In collaboration with the Center for Digital Innovation in Learning (CDIL), Digital Scholarship and the BC Libraries have begun exploring the use of AR experiences in teaching and research. As part of this effort, we have been experimenting with Apple’s Reality Composer, a free AR app that allows for the creation of basic AR experiences without the need for coding skills. Here you will find a series of AR projects created with it. Clicking the image on an iPhone or iPad* will automatically open the model.
*Currently, these experiences are only accessible through Apple iPhones or iPads running an up-to-date iOS. We have iPads and Reality Composer as part of our 3D modeling station.
Animated robot AR model as seen on the Apple Quick Look gallery
Simple 3D models in Apple’s .usdz format allows them to be opened in AR and to be in a WordPress or Omeka page, as seen here. Clicking the image on an iPhone or iPad will automatically open the model in AR when pointed at a horizontal surface; clicking on a Mac or PC will download the AR file.
The two models above are simply models, but using Apple’s Reality Composer allows you to create more complex experiences with basic interactions without needing to code.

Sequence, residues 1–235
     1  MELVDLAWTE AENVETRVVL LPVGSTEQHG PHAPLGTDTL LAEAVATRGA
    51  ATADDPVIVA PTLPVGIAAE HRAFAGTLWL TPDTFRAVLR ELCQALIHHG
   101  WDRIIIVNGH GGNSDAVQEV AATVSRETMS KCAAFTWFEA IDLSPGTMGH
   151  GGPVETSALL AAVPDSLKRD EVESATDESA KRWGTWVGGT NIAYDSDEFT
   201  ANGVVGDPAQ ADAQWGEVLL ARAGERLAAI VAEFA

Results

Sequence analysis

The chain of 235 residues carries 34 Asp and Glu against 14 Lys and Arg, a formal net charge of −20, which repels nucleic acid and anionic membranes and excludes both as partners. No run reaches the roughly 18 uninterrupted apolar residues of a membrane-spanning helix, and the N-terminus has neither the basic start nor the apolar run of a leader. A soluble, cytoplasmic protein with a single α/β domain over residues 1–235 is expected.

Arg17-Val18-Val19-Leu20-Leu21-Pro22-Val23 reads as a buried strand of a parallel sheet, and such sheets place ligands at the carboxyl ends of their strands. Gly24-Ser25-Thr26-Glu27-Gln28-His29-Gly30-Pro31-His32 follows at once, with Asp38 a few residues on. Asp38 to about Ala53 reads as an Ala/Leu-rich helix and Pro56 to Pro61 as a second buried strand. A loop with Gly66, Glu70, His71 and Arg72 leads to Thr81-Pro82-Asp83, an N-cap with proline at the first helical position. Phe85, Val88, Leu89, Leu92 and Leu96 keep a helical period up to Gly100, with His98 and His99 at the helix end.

In the example below, built for a Boston College biology class, 3D models of hominid skulls were created using photogrammetry, uploaded into Sketchfab, and placed in AR to share with students, in order to replicate the experience of engaging with the models in the classroom.
Simply click the 2D image of a skull, and the AR experience will begin to load. Please note that the experience may take 15 seconds to 1 minute or so to load depending on the iPhone or iPad in use and the internet connection, and requires a flat, horizontal anchoring surface.
AR experience created by Nina Araújo; 3D models by Matt Naglak.
A second example was created using 3D models of an active excavation site just outside of Rome, Italy. It allows users to “re-excavate” a specific ancient tomb on the site and see the specialized burial technique that was utilized. The experience opens at life-size, so a relatively open space is necessary (Trigger warning: a 3D model of an adult skeleton uncovered which dates to around 100 BC is shown). 3D models by the Gabii Project; AR experience by Matt Naglak.
Interested in AR but on a Google or Android device? Check out the variety of AR apps available for download from Google Arts and Cultures or from the Google AR/VR page. Note these apps are mostly also available on Apple products as well.